Sunday, June 26, 2016

The Makin of Christian Taliban in Ukraine

THE RECRUITMENT POINT for volunteers in Dmytro Korchynsky’s holy war is located in the basement of a building in central Kiev, on Chapaev Street, in what used to be a billiard club. Anyone can sign up, and the location isn’t secret — its address and phone number is on the Internet.

Inside, lying on the billiard tables, are toy Kalashnikovs, which recruits can use to shoot at targets on the wall. Behind the bar, shelves are lined not with liquor bottles but with Molotov cocktails left over from the violent protests that ousted the government a year ago; the firebombs may be useful in the next stage of Ukraine’s upheavals.

Along with being a recruitment center, the former billiard club also serves as the headquarters of Korchynksy’s political organization, “Bratstvo” (in English, the Brotherhood). I find Korchynsky in a side room furnished with a large billiard table, worn-out leather sofa, armchairs and a piano. Lying on the piano are the notes of Chopin’s funeral march and the lyrics to the German national anthem, whose first verse, beginning “Deutschland, Deutschland über alles,” harkens back to the Nazi era. It is perhaps an unfortunate choice of song for a political figure that is often described as an extremist, ultranationalist and fascist.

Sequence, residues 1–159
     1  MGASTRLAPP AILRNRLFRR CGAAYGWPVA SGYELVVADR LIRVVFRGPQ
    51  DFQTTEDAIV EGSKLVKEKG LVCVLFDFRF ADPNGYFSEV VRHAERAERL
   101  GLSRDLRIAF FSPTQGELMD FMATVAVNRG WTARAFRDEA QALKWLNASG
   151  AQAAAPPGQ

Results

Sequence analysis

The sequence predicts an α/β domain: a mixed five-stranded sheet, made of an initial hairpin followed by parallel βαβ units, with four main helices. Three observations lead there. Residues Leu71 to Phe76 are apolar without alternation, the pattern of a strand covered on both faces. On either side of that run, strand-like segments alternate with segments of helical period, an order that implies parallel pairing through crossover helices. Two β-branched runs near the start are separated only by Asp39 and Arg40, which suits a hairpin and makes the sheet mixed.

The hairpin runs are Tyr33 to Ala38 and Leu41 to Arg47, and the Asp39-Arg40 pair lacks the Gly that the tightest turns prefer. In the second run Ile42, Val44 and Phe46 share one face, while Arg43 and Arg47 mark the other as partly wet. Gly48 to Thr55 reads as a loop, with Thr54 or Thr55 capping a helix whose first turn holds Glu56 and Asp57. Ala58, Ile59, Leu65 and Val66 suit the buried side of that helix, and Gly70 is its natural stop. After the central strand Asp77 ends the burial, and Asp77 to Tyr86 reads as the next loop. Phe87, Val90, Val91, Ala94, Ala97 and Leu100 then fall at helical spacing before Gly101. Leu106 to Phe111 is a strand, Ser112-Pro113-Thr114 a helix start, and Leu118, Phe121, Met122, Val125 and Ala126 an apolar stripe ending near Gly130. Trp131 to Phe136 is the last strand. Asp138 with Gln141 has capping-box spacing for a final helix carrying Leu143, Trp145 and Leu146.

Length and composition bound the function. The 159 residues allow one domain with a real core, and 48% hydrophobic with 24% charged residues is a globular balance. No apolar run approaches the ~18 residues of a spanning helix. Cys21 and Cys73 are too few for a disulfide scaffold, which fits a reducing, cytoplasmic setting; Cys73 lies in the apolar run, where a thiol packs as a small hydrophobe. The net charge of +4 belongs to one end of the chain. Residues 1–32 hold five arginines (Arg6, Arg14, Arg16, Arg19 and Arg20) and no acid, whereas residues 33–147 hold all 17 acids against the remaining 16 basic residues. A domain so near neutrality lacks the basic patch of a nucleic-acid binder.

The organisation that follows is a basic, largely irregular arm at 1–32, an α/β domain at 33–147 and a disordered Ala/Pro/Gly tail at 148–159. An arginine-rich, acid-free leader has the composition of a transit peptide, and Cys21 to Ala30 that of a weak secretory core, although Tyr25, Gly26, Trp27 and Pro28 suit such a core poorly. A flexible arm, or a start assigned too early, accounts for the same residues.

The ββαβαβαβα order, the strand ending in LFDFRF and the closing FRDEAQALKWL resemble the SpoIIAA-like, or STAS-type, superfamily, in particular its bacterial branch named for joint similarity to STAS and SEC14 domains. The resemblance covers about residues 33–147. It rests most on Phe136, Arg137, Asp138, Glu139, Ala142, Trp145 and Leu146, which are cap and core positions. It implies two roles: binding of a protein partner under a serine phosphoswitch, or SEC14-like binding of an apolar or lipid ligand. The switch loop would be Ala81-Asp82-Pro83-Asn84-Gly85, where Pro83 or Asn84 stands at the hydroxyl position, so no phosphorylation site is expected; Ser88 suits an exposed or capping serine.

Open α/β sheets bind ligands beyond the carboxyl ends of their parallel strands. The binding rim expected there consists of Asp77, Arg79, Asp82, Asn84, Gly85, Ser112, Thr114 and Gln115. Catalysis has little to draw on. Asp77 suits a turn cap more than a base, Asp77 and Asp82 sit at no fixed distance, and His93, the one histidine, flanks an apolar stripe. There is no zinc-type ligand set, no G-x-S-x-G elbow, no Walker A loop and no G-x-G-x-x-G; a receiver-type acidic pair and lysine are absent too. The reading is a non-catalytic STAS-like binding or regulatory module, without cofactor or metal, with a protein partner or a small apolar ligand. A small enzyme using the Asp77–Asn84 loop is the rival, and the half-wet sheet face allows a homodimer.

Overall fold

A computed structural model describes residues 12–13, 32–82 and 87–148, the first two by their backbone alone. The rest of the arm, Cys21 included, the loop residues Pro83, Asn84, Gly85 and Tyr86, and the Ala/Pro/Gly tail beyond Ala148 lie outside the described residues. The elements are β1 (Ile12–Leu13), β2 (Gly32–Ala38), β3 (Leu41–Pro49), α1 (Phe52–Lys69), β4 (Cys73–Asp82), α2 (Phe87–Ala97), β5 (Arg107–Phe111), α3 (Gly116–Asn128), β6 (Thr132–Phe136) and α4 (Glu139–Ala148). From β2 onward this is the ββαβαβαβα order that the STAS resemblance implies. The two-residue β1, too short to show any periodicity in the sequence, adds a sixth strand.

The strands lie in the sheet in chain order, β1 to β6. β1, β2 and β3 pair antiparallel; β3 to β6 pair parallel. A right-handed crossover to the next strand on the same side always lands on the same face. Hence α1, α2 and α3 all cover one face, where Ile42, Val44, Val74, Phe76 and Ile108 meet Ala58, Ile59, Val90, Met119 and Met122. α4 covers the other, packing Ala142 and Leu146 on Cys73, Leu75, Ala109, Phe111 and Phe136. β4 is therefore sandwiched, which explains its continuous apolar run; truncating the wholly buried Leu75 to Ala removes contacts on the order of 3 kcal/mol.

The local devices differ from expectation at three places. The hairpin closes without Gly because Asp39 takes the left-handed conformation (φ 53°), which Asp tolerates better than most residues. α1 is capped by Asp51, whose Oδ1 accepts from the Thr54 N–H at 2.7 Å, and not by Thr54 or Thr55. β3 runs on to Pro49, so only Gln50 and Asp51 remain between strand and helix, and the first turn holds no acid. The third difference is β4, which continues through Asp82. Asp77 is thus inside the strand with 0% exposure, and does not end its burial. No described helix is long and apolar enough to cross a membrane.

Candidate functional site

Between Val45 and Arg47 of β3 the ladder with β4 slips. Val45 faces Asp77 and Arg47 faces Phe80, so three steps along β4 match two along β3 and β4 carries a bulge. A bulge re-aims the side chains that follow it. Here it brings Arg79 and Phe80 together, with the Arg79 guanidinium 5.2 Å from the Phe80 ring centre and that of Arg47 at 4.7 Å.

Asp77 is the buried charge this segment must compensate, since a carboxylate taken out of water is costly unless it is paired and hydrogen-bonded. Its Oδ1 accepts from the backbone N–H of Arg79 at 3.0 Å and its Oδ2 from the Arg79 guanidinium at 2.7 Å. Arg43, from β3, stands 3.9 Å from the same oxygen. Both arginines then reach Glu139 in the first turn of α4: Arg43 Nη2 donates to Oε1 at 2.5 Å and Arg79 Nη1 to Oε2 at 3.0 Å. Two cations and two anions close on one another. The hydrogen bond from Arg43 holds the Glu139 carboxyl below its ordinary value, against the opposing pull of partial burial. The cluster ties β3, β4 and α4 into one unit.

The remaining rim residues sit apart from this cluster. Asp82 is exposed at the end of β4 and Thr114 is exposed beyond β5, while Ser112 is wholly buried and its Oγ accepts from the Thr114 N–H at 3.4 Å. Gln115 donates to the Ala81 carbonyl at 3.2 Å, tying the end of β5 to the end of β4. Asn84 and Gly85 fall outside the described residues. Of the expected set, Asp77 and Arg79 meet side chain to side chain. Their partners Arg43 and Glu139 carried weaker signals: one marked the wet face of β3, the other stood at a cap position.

Dmytro Korchynsky Dmytro Korchynsky (Tomasz Glowacki ) Tomasz Glowacki
Korchynsky does not pretend to be moderate, but he doesn’t appreciate the worst epithet used against his forces.

“We are not Nazis,” he tells me. “We are patriots and nationalists.”

Korchynsky is nearly a caricature of a Russian-hating Ukrainian nationalist. His silver hair contrasts with his dark, bushy mustache, which is turned down at the edges in the Cossack style. The St. Mary’s Battalion, which is one of more than a dozen private groups fighting alongside the Ukrainian Army against Russian-backed separatists in eastern Ukraine, is Korchynsky’s creation. It is also one of the more unusual volunteer formations in the ragtag forces taking on the separatists, incorporating an ideology that manages to mix Christian messianism with Islamic jihadism.